- The Government of Canada published the proposed Risk Management Approach for TMTD on January 9, 2021. The public is invited to comment on this document during the 60-day public comment period ending on March 10, 2021.
- The Government intends to add TMTD to Schedule 1, also called the List of Toxic Substances, of CEPA 1999. Adding a substance to the List of Toxic Substances does not restrict its use, manufacture or import. Rather, it enables the Government to take risk management actions under CEPA 1999.
- The Government is considering the following actions to address ecological concerns:
- Implementing a code of practice under section 54 of CEPA 1999 in order to reduce releases of TMTD from its use in the rubber products manufacturing sector, and
- Applying the Significant New Activity (SNAc) provisions of CEPA 1999 to require that the Government be notified of new manufacturing activities related to TMTD. The new activity would then be assessed for potential risks to human health and the environment before being undertaken.
- Additionally, regulatory and non-regulatory instruments (for example, Environmental Performance Agreements (EPAs), pollution prevention planning notices, as examples), which could include use thresholds and release limits, are being investigated as part of a sector-wide approach.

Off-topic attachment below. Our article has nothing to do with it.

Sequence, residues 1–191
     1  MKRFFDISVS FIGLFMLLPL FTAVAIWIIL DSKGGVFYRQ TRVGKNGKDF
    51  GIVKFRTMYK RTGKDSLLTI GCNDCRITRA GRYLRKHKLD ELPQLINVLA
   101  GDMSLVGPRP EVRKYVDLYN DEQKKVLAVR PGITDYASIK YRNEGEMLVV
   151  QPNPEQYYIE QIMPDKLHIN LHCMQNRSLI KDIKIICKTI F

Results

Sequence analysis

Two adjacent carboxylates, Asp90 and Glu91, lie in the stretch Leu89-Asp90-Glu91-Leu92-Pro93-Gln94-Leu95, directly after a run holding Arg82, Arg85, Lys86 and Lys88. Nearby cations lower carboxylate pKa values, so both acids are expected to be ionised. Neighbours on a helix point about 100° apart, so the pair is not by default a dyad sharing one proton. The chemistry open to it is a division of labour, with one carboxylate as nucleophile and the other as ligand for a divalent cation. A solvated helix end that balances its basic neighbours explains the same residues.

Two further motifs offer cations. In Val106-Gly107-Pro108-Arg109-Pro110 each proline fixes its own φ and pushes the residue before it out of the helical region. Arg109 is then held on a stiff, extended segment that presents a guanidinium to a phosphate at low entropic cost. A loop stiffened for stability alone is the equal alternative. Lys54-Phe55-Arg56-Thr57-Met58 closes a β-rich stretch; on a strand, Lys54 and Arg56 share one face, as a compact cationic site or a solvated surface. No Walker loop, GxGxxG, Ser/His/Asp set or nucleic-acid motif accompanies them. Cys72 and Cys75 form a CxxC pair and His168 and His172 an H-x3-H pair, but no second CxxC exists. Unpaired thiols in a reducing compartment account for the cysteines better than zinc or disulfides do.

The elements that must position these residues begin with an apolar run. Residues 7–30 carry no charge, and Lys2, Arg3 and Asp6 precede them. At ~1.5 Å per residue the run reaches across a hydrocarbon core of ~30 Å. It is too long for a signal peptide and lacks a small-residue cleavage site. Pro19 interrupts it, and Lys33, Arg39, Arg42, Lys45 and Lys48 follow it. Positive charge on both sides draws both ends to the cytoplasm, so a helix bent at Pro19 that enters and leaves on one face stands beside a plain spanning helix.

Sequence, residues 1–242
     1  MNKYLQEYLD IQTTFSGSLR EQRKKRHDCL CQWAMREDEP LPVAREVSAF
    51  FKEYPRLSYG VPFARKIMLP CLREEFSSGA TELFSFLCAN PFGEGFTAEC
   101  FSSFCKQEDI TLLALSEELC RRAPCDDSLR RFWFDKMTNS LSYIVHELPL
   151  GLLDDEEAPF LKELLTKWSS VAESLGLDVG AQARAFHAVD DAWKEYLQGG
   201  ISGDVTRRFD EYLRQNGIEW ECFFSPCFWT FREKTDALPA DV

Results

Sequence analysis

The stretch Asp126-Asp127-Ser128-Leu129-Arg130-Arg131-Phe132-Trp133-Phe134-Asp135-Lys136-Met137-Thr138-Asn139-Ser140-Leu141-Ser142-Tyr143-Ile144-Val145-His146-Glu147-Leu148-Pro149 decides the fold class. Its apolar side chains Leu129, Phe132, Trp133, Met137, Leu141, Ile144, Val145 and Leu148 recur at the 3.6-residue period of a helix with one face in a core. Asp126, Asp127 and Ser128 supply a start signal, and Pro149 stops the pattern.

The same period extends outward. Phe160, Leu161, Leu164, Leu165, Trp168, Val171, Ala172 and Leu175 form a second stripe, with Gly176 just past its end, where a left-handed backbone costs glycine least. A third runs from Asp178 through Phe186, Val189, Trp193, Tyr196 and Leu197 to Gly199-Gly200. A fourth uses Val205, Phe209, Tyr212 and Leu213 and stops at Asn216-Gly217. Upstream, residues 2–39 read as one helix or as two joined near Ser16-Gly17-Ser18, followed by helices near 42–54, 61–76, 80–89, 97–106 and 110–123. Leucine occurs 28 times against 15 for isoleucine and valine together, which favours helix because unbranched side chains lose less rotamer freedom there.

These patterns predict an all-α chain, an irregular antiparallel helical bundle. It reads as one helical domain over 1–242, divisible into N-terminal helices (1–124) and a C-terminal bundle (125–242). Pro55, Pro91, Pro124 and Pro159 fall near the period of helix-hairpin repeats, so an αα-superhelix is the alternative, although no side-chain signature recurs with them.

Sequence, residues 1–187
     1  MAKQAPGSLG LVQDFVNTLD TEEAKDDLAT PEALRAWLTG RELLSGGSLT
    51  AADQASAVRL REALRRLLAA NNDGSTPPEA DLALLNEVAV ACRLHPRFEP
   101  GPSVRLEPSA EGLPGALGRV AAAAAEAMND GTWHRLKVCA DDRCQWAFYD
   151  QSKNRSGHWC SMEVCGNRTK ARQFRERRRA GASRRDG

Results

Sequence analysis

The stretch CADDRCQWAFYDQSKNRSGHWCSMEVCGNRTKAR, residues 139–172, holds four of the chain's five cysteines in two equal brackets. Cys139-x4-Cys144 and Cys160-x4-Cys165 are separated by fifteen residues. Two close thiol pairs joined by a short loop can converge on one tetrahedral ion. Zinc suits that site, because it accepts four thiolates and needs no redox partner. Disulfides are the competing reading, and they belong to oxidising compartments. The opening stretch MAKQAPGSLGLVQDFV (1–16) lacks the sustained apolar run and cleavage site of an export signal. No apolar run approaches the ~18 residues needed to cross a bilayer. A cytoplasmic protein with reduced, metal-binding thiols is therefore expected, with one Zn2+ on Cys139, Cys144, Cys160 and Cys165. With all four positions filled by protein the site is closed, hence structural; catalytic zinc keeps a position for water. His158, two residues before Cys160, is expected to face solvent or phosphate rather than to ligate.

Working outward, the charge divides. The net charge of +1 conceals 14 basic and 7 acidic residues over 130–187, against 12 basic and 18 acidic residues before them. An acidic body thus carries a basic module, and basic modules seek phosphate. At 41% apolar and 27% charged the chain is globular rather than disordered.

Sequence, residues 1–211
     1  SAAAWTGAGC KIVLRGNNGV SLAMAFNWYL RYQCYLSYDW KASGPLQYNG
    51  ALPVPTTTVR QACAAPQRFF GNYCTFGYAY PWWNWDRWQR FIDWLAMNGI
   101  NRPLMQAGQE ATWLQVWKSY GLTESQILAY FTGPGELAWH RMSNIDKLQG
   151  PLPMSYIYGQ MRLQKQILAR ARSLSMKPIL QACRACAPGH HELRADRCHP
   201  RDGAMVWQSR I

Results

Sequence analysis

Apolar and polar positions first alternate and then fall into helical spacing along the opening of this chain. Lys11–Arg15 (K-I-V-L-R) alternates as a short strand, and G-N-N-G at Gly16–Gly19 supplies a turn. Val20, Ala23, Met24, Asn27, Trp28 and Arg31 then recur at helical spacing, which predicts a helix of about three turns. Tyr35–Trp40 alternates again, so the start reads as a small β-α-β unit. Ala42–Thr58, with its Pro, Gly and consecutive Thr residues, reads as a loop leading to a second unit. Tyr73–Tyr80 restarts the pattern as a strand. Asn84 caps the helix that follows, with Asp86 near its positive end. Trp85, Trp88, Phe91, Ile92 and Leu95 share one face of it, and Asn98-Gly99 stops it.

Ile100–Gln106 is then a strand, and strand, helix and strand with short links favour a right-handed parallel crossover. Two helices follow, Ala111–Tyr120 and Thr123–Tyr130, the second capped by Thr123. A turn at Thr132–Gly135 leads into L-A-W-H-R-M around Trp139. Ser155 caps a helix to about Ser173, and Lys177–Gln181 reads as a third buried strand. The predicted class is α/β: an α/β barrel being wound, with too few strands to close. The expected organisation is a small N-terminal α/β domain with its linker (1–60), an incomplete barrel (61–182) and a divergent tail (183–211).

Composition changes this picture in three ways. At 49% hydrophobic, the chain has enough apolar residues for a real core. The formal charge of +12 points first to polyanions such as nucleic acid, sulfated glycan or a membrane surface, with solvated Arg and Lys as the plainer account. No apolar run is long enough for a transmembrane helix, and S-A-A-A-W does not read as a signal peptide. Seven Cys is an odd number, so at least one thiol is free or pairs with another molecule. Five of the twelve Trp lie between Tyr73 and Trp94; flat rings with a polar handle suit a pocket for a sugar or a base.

- Information is being sought by the Government to inform risk management decision-making. Details can be found in the risk management approach, including where to send information during the public comment period, ending January 27, 2021.
- Benzothiazoles, such as 2-mercaptobenzothiazole (MBT), may be used as alternatives to TMTD in certain applications. This group of chemicals is currently under assessment under the CMP. Depending on the outcome of the screening assessment, benzothiazoles may not be considered suitable alternatives. For more information regarding alternatives, please consult section 6.1 of the proposed Risk Management Approach for TMTD.
- Information on the risk management of substances addressed under the CMP is available.
- Although TMTD is not considered to be harmful to human health at levels of exposure from non-pesticidal uses at the time of the assessment, this substance is recognized as having potential effects of concern (developmental neurotoxicity and potential to cause cancer). Therefore, there may be a concern if exposures were to increase.
- For these reasons, additional tracking of TMTD for changes in exposure are being proposed. For example, information gathering using the Domestic Substances List inventory update mechanism may be used to track changes in exposure and/or commercial use patterns for TMTD.
- The screening assessment focused on potential risks from exposure of the general population of Canada, rather than occupational exposure. Hazards related to chemicals used in the workplace are defined within the Workplace Hazardous Materials Information System. For information concerning workplace health and safety and what steps to take in the workplace, Canadians should consult their employer and/or the Occupational Health and Safety Regulator in their jurisdiction.